In between ink, shifting scenes of landscapes

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In between ink, shifting scenes of landscapes


Clockwise from left above: Park Ji-eun’s “Little Talk-Hong Kong,” now on display at Opera Gallery and Min Jung-ki’s “Pine Trees of Cheongnyeongpo” and Hwang Ji-yoon’s “Movement of the Landscape,” now exhibited at the Kumho Museum of Art, are contemporary artworks that embrace the tradition of East Asian landscape paintings. Provided by the galleries

Why do many artists still paint landscapes even though they can easily take photos of them? One of the most famous answers to that question came from renowned English artist David Hockney: humans see things through “the mind’s eye” and such images are different from those taken by cameras.

Hockney has also pointed out that the images taken by cameras and those of traditional Western paintings have only one viewpoint and one moment, showing interest in the seamless yet shifting viewpoints of old Chinese paintings.

For similar reasons, many Korean contemporary artists make landscape paintings with the qualities of sansuhwa, or traditional landscape paintings in ink that can be found in Korea, China and Japan.

Some of them are presented in “In Between,” a group show currently being held at the Kumho Museum of Art in the art zone east of Gyeongbok Palace in central Seoul.

Min Jung-ki, who is among the participating artists, shows landscape paintings in the Western material of oil on canvas but in a traditional East Asian style. His paintings show mountain valleys, streams and places from various viewpoints where important events in Korean history took place.

Hwang Ji-yoon’s paintings combine sansuhwa, 17th-century Dutch Golden Age landscapes and 19th-century romantic landscapes of Europe to create dreamy scenery.

The other participants include Kong Sung-hun, who was named the winner of the 2013 Korea Artist Prize by the National Museum of Modern and Contemporary Art, and Kim Chong-hak, who is one of the most favored veteran painters among local art collectors.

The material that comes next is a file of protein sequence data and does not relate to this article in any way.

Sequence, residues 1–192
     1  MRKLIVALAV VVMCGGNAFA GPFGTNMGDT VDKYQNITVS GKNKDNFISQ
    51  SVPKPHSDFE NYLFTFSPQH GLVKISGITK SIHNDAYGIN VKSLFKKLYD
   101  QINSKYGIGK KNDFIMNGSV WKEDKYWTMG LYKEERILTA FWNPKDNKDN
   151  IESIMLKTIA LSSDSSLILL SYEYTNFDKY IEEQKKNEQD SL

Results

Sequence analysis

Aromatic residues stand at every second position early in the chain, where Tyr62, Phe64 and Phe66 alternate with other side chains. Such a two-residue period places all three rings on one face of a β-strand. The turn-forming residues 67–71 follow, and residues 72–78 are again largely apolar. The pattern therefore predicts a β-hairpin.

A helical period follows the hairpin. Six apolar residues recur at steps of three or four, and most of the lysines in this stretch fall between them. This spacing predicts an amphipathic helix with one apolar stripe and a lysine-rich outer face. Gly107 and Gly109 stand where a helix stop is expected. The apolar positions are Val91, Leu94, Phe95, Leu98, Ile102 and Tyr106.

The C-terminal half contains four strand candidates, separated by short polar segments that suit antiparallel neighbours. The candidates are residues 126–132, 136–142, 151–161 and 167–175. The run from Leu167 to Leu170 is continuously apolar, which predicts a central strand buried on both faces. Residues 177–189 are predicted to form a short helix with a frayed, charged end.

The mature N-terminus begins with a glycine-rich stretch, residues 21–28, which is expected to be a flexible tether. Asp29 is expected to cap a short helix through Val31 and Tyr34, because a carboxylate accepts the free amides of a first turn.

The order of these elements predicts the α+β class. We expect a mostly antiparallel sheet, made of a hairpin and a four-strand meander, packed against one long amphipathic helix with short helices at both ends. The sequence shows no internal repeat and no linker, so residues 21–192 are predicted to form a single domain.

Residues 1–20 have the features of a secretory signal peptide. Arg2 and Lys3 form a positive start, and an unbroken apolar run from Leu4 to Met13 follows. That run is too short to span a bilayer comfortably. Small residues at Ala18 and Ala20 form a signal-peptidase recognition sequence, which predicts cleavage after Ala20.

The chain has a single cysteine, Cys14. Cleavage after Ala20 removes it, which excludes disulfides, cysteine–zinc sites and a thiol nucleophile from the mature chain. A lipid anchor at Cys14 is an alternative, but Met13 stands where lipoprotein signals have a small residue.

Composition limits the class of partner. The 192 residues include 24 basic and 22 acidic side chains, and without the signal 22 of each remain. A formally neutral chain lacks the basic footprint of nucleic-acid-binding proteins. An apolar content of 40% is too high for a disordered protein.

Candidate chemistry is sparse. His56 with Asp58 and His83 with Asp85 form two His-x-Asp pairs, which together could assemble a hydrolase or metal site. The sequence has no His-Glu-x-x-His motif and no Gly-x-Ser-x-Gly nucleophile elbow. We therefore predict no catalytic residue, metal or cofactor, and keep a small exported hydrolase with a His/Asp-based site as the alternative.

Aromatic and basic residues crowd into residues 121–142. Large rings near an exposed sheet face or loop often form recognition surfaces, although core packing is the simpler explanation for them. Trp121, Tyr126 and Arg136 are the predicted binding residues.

The contemporary artworks that embrace the tradition of old East Asian landscape paintings are also shown in the “All the Way from Korea” exhibition at Opera Gallery Korea. The Paris-based gallery’s Seoul branch is located on Dosandae-ro, a street in southern Seoul.

Among the five participants of the group show, Son Bong-chae presents “3-D paintings” that he created by drawing pine trees in an East Asian style on several bulletproof glass panels and overlapping them to make one painting. His works show the images of trees seen by the artist from several viewpoints and from several moments simultaneously.

Park Ji-eun’s paintings, illustrated by inked strokes using traditional calligraphy, shows the scenery of various cities that the artist has visited. Lee Lee-nam is a media artist and the other participants are among the Korean public’s most popular artists; Han Ho, who is gaining fame with his installation with light effects; and Jang Seung-hyo, who is well known for encompassing and combining various art genres, including sculpture, photography and video art.

The “In Between” exhibition runs until Feb. 9. Admission is 4,000 won ($3.75). Hours are from 10 a.m. to 6 p.m. It is closed on Mondays. For details, visit or call (02) 720-5114.

“All the Way from Korea” runs until Feb. 23. Admission is free. The gallery is open daily from 10 a.m. to 7 p.m. It is closed on national holidays. Go to Apgujeong Station, line No. 3, exit 3 and walk for 15 minutes. For details, visit or call (02) 3446-0070.

BY Moon So-young []

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